Colorful Curtiss P-40 Warhawk Markings Part 2

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One of the larger and more flamboyant squadron nose art designs was carried by the “Parrot Hawks” of the 502nd Fighter Squadron / 337th Fighter Group.  This was a training squadron which was equipped with P-40N’s.  This aircraft appears to be missing some paint due to an over-zealous effort to remove exhaust stains from the fuselage.
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The Parrot Hawks were based at Napier Field, Alabama in late 1943.  This flight line shows the markings in all their glory, although the fifth aircraft has not had the artwork applied yet.
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The “Bushmasters” of the 78th Fighter Squadron / 15th Fighter Group operated their P-40K’s from the Hawaiian Islands and Midway in 1943.  They carried a large snake head on the noses of their aircraft.  An interesting if somewhat obscure marking.
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The “Burma Banshees” of the 89th Fighter Squadron / 80th Fighter Group featured large skulls on their P-40N’s.  Here Lt Philip Adair poses in front of his aircraft, named “Lulu Belle”.
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A line up of Banshee aircraft at Assam, India in 1944.  Each skull was unique, many featured fangs or dripping blood.  Note the variations in the application of the tail numbers.
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With the help of a small monkey, the first two victory flags are applied to the fuselage of the P-40K of Major “Big Ed” Nollmeyer.  Nollmeyer was the Commanding Officer of the 26th Fighter Squadron, part of the 51st Fighter Group.  Note the modified paint on the rudder.
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Another view of the same scene showing details of the fuselage side.  This is P-40K serial number 42-9766.  It has proved confusing to some profile artists as the markings evolved over time.  These pictures show the aircraft before many of the ultimate markings were added.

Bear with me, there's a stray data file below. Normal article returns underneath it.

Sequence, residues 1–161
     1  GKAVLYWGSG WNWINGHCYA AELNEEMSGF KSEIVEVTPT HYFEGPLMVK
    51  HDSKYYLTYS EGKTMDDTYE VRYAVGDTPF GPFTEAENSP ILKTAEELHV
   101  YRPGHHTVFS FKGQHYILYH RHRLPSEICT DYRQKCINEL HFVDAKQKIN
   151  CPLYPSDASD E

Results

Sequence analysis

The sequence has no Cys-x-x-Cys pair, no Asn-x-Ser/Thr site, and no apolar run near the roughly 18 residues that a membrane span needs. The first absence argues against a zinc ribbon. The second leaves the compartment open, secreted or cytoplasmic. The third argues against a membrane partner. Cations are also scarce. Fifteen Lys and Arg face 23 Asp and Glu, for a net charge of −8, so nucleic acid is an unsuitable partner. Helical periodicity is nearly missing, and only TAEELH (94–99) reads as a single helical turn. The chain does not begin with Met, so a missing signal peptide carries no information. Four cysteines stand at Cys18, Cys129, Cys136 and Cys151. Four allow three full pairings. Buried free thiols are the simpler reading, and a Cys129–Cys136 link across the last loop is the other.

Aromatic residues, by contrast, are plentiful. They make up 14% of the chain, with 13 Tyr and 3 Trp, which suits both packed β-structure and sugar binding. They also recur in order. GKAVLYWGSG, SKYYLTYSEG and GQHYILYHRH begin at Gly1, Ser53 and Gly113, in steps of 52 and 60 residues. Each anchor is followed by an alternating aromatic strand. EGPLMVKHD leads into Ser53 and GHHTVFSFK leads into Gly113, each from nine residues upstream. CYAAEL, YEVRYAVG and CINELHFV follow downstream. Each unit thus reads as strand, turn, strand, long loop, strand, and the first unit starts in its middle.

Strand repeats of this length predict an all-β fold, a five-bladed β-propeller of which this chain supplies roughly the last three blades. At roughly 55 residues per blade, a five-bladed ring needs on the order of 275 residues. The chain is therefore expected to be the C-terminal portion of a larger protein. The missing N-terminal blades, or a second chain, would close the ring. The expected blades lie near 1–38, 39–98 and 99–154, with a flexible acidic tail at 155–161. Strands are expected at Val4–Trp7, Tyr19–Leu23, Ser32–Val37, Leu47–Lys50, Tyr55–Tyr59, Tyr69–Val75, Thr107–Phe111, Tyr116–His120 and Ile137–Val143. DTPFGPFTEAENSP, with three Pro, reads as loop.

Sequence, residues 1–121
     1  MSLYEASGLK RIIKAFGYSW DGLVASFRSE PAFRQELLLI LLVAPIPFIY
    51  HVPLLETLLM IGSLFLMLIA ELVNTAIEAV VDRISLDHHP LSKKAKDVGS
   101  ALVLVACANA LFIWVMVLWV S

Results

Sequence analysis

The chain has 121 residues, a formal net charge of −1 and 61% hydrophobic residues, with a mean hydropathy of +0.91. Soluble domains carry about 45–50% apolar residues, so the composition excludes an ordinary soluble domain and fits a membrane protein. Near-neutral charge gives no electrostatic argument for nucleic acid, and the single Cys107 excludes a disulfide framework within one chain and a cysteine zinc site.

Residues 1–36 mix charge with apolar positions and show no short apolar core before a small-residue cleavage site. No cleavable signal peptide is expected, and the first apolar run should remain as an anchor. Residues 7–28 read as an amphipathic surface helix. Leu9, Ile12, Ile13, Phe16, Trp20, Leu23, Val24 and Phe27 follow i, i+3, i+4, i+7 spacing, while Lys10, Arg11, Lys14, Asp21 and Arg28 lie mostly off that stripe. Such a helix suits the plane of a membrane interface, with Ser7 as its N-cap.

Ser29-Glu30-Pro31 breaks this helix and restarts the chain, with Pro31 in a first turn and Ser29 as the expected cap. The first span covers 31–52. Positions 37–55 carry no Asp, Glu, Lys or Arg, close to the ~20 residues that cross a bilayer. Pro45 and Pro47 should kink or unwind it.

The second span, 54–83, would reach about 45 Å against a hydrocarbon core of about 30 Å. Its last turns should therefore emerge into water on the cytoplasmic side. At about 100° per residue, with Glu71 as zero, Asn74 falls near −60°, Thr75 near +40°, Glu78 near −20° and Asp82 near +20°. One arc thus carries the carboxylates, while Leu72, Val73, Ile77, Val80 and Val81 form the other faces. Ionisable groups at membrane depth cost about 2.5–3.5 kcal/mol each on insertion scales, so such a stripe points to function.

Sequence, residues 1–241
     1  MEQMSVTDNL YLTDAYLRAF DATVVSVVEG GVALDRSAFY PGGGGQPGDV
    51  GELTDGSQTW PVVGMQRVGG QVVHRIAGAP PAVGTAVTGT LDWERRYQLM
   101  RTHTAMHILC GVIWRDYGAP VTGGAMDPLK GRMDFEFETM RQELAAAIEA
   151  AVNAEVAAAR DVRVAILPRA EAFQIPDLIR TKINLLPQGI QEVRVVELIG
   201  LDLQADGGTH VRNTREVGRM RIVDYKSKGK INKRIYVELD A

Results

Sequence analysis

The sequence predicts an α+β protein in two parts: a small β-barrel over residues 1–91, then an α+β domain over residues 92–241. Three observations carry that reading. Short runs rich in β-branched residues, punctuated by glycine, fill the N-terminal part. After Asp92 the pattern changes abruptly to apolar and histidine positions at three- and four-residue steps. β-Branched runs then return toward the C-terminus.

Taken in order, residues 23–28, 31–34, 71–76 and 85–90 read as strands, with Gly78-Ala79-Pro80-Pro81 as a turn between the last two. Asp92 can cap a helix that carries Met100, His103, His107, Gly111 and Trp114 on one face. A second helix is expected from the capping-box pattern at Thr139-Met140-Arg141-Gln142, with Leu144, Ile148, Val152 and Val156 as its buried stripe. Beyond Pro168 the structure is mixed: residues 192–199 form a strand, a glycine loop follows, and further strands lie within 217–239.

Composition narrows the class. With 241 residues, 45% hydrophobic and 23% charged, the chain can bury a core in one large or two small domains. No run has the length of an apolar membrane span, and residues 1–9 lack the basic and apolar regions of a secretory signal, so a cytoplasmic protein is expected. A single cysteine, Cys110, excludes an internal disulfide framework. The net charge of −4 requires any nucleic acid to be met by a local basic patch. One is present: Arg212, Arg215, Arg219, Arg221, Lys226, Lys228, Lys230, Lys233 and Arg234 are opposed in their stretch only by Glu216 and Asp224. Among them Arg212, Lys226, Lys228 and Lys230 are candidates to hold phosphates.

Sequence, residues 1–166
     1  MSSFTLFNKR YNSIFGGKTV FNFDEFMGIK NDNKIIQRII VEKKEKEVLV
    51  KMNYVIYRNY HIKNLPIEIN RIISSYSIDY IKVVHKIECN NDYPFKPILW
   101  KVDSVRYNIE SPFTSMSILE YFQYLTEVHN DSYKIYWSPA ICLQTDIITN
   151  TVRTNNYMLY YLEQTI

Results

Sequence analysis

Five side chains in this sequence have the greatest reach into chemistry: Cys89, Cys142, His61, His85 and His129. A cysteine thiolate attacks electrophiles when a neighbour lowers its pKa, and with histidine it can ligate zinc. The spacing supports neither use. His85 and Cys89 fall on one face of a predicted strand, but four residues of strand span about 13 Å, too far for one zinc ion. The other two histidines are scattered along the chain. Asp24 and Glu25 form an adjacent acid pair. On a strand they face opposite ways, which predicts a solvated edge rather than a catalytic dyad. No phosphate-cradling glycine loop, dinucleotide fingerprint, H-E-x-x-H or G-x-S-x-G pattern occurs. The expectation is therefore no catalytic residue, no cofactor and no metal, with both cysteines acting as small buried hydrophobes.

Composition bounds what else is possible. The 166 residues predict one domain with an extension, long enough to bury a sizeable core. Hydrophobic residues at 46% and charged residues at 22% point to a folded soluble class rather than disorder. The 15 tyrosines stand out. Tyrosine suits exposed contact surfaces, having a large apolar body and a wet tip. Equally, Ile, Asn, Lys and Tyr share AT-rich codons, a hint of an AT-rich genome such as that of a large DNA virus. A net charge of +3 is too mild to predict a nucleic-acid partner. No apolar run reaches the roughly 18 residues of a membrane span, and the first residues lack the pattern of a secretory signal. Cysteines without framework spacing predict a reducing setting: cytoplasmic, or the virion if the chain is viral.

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At this point the aircraft carries two yellow fuselage bands with a third at the nose and red outlined national insignia, which were only officially authorized for a few months in the summer of 1943.
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A good profile view showing that several additional markings have been added to Major Nollmeyer’s aircraft.  The aircraft displays five victory markings, numbers four and five being claimed on 22 December 43.  The nose now displays a shark’s mouth with the squadron insignia inside and Big Ed’s personal Bugs Bunny emblem aft of the cockpit.  The vertical tail and carburetor air scoop have received fresh paint (likely Olive Drab) and the national insignia are now outlined in a blue border.
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The P-40K of Lt Robert “Jay” Overcash displays an interesting collection of markings.  Under the engine exhausts are the dot-dot-dot-dash representing the Morse letter V for Victory, below that is the Black Scorpion marking of the 64th Fighter Squadron / 57th Fighter Group.  Under the cockpit are Overcash’s five victory markings, other personal markings include the skull and the “Savoy” fez on the tail.  The red spinner and RAF fin flash were introduced by the RAF and adopted by the Americans as Desert Air Force theater markings.  Note that the aircraft’s original Olive Drab color has been painted over with a more appropriate Sand as evidenced by the background to the serial number on the tail and stenciling visible under the cockpit.  (LIFE Magazine photograph)